Women of Achievement
for a woman whose heroic spirit was tested and
shown as a model to all in Shelby County and beyond:
Jodie Gaines Johnson
Jodie Gaines, daughter of a wealthy owner of a furniture factory in McKenzie, Tennessee, had just turned 18 when she was kidnapped April 18, 1978, by three men and held captive five days.
She grew up in Carroll County, about 115 miles northeast of Memphis. Starting in the 10th grade, she attended Lausanne, a private school in East Memphis. She’d make the two-hour drive to Memphis on Sunday evenings and return to McKenzie on Friday afternoons. On one of those Fridays, she had dinner with her parents at the Carroll County Country Club and was stopped by a car with police lights shortly after she drove away. Three men claiming to be conducting an undercover drug bust forced her into the back floorboard of her car. She was imprisoned, first in her car in the Henry County woods, and then in a concrete-block fishing cabin on Kentucky Lake where she was handcuffed to a bed. She was beaten repeatedly and raped.
On Monday afternoon, the men left to arrange and collect a ransom. They returned once, to get an answer to a question that would prove to her family that she was alive. The men left again and for hours, Jodie beat on the bed. She kicked it and hit it all night long. Sometime after dawn on that Tuesday, the bed broke and she freed herself. Meanwhile, authorities arrested the kidnappers, who never got their hands on the $250,000 her father had borrowed and placed under a river bridge. Two attackers pleaded guilty; Jodie testified in the trial of the third, who was convicted as a result of her testimony.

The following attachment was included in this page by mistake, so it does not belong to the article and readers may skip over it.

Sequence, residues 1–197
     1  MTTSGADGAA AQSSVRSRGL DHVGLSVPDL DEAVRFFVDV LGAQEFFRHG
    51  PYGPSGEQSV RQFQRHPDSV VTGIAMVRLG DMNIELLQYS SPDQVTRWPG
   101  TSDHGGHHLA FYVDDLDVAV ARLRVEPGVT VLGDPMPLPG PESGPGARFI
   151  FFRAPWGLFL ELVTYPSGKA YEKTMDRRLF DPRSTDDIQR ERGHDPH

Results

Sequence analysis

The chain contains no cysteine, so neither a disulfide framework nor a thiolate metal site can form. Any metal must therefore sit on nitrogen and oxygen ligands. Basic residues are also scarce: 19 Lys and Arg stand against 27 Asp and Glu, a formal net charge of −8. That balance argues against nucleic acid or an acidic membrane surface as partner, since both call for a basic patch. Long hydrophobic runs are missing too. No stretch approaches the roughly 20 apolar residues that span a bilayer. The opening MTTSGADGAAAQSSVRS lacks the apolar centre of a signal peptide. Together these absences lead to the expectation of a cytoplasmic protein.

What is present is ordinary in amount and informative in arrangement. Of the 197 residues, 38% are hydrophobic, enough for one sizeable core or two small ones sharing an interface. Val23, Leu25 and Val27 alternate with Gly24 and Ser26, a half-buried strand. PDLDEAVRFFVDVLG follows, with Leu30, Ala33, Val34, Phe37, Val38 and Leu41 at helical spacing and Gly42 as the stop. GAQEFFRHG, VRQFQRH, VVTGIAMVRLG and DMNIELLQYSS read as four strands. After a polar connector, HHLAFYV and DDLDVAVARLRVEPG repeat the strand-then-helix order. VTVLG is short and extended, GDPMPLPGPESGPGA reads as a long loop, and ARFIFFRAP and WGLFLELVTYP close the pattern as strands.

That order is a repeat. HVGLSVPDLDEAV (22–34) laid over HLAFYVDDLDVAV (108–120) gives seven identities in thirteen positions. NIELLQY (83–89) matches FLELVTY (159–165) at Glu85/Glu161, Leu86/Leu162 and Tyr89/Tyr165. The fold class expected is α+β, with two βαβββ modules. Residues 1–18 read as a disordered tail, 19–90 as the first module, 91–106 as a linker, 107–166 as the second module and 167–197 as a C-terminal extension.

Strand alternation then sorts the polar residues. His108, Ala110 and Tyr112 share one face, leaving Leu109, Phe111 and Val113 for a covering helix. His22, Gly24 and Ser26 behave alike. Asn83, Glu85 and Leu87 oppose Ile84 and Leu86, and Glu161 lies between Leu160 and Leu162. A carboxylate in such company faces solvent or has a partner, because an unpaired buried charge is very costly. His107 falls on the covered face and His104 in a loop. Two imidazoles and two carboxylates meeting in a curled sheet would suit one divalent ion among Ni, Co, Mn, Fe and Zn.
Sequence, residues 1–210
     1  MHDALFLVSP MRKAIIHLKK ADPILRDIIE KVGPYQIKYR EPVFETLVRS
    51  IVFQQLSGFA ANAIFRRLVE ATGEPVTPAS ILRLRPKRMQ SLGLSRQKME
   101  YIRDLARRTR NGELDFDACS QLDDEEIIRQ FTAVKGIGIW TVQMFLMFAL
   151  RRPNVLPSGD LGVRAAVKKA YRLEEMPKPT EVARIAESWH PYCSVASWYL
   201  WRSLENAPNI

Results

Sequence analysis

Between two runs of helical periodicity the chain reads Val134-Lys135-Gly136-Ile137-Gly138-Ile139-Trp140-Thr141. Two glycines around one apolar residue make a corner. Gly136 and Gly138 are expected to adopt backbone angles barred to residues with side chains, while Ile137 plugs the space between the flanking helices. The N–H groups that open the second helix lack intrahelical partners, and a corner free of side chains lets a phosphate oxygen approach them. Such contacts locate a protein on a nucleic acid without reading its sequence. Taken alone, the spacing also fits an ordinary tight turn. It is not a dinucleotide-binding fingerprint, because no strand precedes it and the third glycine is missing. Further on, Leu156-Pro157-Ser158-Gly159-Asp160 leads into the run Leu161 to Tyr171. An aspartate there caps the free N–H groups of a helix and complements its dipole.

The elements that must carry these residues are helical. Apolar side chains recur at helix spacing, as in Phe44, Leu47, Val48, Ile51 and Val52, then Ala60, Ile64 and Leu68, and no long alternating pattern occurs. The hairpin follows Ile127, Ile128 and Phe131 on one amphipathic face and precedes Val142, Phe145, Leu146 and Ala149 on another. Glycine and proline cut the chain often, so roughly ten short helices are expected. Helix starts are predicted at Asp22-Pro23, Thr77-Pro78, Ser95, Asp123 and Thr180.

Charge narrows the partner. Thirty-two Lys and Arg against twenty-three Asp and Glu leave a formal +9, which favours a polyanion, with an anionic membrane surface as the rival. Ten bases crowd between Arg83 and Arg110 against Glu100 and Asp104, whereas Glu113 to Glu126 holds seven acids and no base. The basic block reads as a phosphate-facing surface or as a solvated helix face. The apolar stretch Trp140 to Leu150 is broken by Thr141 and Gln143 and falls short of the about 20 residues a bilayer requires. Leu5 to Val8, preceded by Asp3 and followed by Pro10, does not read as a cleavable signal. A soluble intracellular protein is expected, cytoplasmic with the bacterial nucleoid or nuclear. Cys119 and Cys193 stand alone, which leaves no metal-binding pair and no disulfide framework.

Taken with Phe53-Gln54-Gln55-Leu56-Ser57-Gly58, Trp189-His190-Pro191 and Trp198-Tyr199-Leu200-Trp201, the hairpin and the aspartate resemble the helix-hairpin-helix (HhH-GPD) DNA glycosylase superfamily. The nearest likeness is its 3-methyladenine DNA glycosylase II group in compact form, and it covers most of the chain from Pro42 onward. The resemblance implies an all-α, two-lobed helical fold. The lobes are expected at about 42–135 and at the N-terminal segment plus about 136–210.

Jodi went on to college at Southern Methodist University in Dallas, but sometimes felt suicidal and hated men. She moved further from McKenzie, to California, worked as a waitress and met a firefighter named Jeff Johnson. They married about 18 months later and he persuaded her that McKenzie was a great place to raise a family. With Jeff as her rock, she rebuilt her life and they are raising four children.
Of her attackers, one remains in prison and one was paroled in 1986. Another, who masterminded the kidnap plan, was freed from prison in 1999 and returned to the McKenzie area to live and work. When state officials would not tell her when her attackers would be released or what they looked like, her campaign for victims’ rights legislation began.
“I have four kids and I don’t want to be in the grocery store and run into them because I’m not that strong,’’ Jodie has said. “I’m going to do whatever I can do … I’m going to speak out, especially for those people who don’t have a voice.’’
She has spoken to legislators in Nashville to push a constitutional amendment and bills providing notification and other rights to victims of crimes. She met with Vice President Al Gore regarding similar federal proposals and spoke at the 2000 Democratic Convention. A 1996 state constitutional amendment guaranteeing victims’ rights passed in Tennessee and now Jodie wants the same thing to happen across the nation.